The century-old building features a multi-layered space, and the renovation cannot conceal its weathered façade. The traces left by history permeate the space: the stone steps and pillars in the shadows of night, the exposed corners of walls, and the light shapes on the ground… With the passage of time, the restored old building becomes a container superimposing countless people and emotions. The brief encounter with the hundred-year building is a prolonged glimpse. The exhibition “Endless Moments” will feature three chapters “Touch/Reach, Calm/Wait, Swim/Wander”, which respectively focus on the introspective thinking of creation and the expression of eternity by the three artists Su Chang, Tang Guo and Han Feng.
“Touch, Calm, and Swim” are actions, while “Reach, Wait, and Wander” are states. Artworks are not the artists’ imagination or expressions of experience out of thin air, but the visualization of the artists’ introspective thinking and self-examination. The three artists use different media “plaster, paper pulp, and canvas” to find a fit with their self-reflection which is presented in external forms through years of creation. Despite the variation of media, all three artists try to describe a kind of stability regardless of the work’s structure, an existence that endured the chaotic time like the building of a hundred years old. Time has changed, but the compressed moment is constant.
Touch/Reach—Su Chang “While breathing is a way of displacing the body and the environment, my sculptures use touch and space to do so.” “While breathing is a way of displacing the body and the environment, my sculptures use touch and space to do so.” The world we see has a foreground and a background, both connected and separated. The visible is the current situation, and the invisible is the overlap of time and memory. Su Chang’s works can be in between to help us identify the circumstance.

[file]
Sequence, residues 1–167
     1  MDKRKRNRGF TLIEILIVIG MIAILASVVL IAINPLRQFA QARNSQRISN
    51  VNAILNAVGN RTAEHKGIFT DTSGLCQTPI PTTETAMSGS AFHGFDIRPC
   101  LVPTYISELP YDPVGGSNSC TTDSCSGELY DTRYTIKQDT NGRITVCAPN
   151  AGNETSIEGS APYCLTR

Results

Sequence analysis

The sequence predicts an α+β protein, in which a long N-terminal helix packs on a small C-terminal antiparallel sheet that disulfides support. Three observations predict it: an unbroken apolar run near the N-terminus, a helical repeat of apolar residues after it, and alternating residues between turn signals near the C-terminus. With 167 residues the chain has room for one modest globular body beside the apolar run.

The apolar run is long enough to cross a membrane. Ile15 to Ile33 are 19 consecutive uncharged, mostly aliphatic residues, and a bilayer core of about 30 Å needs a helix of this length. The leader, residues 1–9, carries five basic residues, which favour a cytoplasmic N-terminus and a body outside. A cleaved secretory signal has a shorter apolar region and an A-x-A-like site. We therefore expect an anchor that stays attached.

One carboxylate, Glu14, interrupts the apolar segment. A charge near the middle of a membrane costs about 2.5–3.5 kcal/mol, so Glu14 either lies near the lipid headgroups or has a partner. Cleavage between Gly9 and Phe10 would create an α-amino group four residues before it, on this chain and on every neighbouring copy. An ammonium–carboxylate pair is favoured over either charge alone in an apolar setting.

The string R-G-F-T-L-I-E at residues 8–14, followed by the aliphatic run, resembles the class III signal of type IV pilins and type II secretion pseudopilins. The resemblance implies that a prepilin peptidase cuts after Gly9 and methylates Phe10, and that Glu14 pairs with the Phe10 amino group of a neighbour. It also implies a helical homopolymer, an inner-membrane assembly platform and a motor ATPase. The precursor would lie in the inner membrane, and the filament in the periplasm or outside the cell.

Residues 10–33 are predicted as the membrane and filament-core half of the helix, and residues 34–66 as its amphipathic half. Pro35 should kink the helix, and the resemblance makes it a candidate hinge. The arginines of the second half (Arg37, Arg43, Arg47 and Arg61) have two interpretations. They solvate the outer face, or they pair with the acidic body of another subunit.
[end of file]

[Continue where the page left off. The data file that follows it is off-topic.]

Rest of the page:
Calm/Wait—Tang Guo “I like the traces of time like the long accumulation and sedimentation. The free natural formation can constitute a realm.” The obsession with traditional culture has been a part of Tang Guo’s creative career for over thirty years. He draws inspiration from images, symbols, and objects from the cultural remains and everyday dwellings and reconstructs the contemporary understanding of history and culture through artistic re-creation. The artist has used “pulp fibers” as a medium over the past decades. Water, pulp, and colors are the most basic elements of his works. Time is also concealed in them. For the “Paper Pulp” series, Tang chooses to trust the power of the “Creator”, allowing images or landscapes to emerge automatically on the fibers, with a non-interventionist mindset. The pretreated fibers are either dense or loose, flowing, spreading, and gathering at a fast or slow pace until an image is created… solidifying into an artwork manipulated by the absolute power of fibers. The artist waits in silence, observing the process of changes in the flow, the natural presentation of matters, the traces of time, and the long accumulation and sedimentation. “Purity, clarity, freedom, and naturalness” are the realm and personality the artist pursues in the process.
Swim/Wander—Han Feng Han Feng’s works are often inspired by everyday objects and take various art forms, such as canvas, installations, and the “Wrap” series he experimented on in recent years. His works often present a sense of emptiness and lightness. The artist tries to blur the “human” engagement in the daily scenes, by erasing men’s traces in the environment and eliminating the subjective feelings of the artist, and gives the final verdict of his works to the traditional and natural phenomena that are constantly evolving.
Han Feng’s paintings mostly use watery paint for distinct and minimal color blocks to present an unfamiliar silence. The compressed spaces on the canvas are familiar scenes in life, such as tunnels, corridors, and the road ends. After the artist’s generalization, the images become inscrutable, abstract, and unfamiliar. The “Wrap” series was created after Han Feng moved to Germany in 2019. The difference in the urban landscape and the changes in the living environment made Han Feng an observer of his creation. He reconstructed thoughts shifting from criticizing and exploring the traces of cities to concerning nature and heart, trying to convey the natural sense of “eternity” to the audience.